WHAT KIND OF PSYCHIC SOCCER OCTOPUS ARE YOU? 1
I’m rooting for Belgium
because of their fries.
No, I’m rooting for Slovenia
because of their statues of poets.
No, I’m rooting for Deutschland
because of käsekuchen.
No, I’m rooting for Italy
because Il Corriere loves American TV.
No, I’m rooting for Angola
because it seems about time for them.
No, I’m rooting for Mexico
because of the days of their dead.
No, I’m rooting for Ethiopia –
lions, stand up!
Come out of the forest and free us
from their aquariums and tongues,
lions, o lions, o lions.
WHAT KIND OF PSYCHIC SOCCER OCTOPUS ARE YOU? 2
But what is this team in orange?
Oh, them, says the octopus.
I like them too.
They are like the orange of the tavern lights
that I see from my tank, he says.
They are like the orange of sixty-watt light
outside my closed eyelid, I say.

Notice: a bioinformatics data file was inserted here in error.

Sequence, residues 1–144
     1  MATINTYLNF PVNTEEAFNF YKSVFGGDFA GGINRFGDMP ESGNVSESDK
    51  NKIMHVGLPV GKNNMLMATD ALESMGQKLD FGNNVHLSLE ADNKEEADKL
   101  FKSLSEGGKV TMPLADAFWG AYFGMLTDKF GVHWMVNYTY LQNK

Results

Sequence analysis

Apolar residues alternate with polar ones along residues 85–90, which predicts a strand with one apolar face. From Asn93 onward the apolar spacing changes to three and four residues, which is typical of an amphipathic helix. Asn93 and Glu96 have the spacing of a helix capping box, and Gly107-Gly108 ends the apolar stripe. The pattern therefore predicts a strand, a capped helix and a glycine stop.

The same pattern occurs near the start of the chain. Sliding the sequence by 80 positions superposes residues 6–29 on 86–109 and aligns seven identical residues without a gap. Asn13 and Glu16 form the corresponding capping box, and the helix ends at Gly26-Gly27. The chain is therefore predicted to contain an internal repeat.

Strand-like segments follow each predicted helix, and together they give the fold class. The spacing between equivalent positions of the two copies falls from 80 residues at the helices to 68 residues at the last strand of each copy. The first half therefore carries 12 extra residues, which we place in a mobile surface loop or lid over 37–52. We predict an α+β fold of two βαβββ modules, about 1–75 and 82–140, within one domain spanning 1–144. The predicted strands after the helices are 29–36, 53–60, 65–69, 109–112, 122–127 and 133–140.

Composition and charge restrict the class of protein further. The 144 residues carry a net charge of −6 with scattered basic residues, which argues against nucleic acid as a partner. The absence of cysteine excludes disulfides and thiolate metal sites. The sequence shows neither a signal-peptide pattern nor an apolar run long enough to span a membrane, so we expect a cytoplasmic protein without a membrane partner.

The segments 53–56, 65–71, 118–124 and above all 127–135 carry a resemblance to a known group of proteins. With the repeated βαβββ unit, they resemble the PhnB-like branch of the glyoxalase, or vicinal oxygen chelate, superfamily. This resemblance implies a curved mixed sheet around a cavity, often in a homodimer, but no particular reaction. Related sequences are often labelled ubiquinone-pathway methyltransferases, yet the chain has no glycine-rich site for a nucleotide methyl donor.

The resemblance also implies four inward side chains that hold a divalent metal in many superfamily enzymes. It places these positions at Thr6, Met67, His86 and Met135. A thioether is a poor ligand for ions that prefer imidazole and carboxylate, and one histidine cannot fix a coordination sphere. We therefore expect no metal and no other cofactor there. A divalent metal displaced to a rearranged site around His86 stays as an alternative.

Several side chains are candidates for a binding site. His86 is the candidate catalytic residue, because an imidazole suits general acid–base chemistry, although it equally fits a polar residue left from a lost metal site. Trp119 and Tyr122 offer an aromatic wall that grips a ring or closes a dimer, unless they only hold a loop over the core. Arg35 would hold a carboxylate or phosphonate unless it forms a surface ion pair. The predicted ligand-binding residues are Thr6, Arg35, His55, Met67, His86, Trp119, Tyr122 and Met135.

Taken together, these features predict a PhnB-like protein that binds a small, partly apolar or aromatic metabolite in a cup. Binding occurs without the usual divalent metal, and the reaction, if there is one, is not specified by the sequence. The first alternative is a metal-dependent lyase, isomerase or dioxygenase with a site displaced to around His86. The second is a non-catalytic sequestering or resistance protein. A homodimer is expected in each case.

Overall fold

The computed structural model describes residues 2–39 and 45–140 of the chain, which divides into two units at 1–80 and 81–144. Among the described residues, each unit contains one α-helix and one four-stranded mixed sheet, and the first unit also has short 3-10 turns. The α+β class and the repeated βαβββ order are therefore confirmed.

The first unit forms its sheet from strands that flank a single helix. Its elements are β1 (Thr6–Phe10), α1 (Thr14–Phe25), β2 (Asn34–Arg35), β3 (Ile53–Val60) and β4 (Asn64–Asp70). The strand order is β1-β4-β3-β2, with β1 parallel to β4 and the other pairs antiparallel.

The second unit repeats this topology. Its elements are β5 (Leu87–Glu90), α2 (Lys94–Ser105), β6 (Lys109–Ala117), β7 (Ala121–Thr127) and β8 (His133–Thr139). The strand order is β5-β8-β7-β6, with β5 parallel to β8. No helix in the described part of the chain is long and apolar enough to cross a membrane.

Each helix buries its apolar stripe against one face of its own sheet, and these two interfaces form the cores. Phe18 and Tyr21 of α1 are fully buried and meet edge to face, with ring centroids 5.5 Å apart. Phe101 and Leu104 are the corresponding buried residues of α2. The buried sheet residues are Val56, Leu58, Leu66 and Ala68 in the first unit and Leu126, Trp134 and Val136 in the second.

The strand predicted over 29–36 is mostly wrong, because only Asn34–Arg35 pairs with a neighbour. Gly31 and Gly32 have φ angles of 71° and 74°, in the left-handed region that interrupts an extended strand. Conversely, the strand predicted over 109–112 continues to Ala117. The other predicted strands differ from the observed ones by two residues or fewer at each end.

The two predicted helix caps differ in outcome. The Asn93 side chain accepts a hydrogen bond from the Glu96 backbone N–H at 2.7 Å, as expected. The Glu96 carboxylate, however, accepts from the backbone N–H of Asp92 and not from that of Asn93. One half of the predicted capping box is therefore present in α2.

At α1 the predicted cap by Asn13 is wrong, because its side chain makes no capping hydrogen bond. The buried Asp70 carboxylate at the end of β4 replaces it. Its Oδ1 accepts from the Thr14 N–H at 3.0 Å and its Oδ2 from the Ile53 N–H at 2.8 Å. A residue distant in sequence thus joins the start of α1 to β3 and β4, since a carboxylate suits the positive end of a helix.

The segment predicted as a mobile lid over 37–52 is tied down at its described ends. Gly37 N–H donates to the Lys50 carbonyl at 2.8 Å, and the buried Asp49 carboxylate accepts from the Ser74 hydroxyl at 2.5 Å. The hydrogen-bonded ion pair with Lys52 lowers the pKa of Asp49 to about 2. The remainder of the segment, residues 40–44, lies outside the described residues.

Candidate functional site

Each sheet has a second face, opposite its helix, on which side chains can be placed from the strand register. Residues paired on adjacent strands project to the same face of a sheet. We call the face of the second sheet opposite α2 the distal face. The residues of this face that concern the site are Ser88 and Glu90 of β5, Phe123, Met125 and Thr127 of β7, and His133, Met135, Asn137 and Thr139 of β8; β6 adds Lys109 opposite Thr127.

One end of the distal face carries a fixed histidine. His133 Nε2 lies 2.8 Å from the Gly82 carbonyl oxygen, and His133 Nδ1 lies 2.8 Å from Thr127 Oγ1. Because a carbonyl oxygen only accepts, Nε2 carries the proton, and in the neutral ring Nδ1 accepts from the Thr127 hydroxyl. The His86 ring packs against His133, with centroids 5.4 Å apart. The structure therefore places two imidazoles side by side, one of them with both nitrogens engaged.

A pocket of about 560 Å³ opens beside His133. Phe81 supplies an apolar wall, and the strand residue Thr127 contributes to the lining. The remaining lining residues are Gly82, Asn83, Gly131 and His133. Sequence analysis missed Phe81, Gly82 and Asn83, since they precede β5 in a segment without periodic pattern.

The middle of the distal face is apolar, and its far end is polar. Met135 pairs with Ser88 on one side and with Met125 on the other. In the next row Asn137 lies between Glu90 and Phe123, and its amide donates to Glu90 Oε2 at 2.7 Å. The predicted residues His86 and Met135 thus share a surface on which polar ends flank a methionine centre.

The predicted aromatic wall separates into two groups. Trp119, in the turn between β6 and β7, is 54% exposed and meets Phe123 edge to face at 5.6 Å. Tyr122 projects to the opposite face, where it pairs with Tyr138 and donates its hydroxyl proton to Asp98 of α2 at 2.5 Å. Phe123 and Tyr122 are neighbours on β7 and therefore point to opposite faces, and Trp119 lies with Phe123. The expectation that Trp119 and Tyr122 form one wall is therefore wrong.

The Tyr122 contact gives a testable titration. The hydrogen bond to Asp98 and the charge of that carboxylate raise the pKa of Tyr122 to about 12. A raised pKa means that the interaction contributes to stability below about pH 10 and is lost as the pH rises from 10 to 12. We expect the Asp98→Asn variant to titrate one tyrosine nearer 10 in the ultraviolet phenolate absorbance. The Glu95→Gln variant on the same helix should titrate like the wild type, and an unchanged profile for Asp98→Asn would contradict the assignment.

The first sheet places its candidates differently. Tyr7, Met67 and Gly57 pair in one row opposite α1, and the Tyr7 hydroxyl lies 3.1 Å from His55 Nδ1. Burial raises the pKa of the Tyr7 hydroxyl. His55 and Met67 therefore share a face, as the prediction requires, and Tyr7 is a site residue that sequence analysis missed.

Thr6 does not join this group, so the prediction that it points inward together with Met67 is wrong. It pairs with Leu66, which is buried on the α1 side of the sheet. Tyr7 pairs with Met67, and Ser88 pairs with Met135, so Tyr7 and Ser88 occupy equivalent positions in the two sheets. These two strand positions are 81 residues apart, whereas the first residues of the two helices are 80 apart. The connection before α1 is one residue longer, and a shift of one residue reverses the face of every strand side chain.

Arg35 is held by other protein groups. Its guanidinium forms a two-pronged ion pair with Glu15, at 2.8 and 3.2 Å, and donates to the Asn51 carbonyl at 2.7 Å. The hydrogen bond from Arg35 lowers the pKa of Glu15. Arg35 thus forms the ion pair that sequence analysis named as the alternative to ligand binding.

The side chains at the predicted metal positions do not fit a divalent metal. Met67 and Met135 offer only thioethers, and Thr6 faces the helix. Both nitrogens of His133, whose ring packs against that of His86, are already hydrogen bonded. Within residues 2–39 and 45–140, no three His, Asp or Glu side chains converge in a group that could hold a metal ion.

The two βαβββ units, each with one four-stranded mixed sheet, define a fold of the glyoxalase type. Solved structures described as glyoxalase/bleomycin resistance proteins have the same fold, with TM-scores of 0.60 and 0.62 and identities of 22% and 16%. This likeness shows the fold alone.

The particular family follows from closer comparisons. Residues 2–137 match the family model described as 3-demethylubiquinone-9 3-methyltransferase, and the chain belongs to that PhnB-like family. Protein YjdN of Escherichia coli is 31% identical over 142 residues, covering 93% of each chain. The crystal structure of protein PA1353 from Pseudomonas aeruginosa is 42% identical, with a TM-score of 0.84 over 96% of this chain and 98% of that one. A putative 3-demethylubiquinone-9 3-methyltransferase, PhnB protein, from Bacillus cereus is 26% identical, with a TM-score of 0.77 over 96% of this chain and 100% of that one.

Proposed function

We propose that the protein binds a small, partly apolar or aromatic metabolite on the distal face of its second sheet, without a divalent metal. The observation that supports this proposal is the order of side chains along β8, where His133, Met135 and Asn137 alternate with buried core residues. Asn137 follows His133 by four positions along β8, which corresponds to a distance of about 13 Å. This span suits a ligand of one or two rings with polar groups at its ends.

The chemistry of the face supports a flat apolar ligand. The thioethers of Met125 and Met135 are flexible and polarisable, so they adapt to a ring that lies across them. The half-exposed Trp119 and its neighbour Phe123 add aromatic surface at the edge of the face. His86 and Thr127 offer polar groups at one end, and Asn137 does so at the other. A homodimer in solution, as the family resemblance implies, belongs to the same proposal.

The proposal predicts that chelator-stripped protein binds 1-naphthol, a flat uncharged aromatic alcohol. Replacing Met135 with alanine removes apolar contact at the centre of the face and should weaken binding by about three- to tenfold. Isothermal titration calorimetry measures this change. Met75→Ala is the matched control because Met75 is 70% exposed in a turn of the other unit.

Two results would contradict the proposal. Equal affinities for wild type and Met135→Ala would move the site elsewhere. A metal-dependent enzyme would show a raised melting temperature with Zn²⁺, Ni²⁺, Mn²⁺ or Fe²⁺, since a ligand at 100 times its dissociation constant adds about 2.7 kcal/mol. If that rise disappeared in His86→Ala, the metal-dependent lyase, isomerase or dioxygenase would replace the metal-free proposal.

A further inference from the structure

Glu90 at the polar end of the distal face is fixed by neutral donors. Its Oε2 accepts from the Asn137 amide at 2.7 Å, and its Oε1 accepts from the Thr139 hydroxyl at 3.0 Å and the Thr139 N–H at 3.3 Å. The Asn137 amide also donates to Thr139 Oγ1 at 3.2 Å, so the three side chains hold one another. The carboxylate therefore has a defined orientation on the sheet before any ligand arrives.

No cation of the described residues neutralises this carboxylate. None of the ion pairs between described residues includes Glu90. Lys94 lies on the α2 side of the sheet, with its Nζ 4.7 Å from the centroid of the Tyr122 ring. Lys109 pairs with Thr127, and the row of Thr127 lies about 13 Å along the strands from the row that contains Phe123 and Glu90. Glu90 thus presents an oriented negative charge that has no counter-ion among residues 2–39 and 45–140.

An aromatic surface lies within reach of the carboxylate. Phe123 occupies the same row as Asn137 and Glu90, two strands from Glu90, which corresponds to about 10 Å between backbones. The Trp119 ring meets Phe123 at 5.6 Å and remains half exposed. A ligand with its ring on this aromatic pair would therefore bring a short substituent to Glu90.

Intriguing, says the octopus.
We both of us see
through a skin on our eyes.
Do you mean the water
or the glass of the tank? I ask.
Either one, he says. Or both.
But it doesn’t matter.
Look at that orange.
BRADLEY PAUL was born in Baltimore, Maryland in 1972. His poetry has appeared in American Poetry Review, Boston Review, Smartish Pace, Fence, Pleiades, Iowa Review, and numerous other journals. In 2004 his first book of poetry, The Obvious, was selected by Brenda Hillman for the New Issues Poetry Prize. His second book, The Animals All Are Gathering, won AWP’S Donald Hall Prize in Poetry, and was published in 2010 by the University of Pittsburgh Press. He currently lives in Los Angeles with his wife, the painter and writer Karri Paul.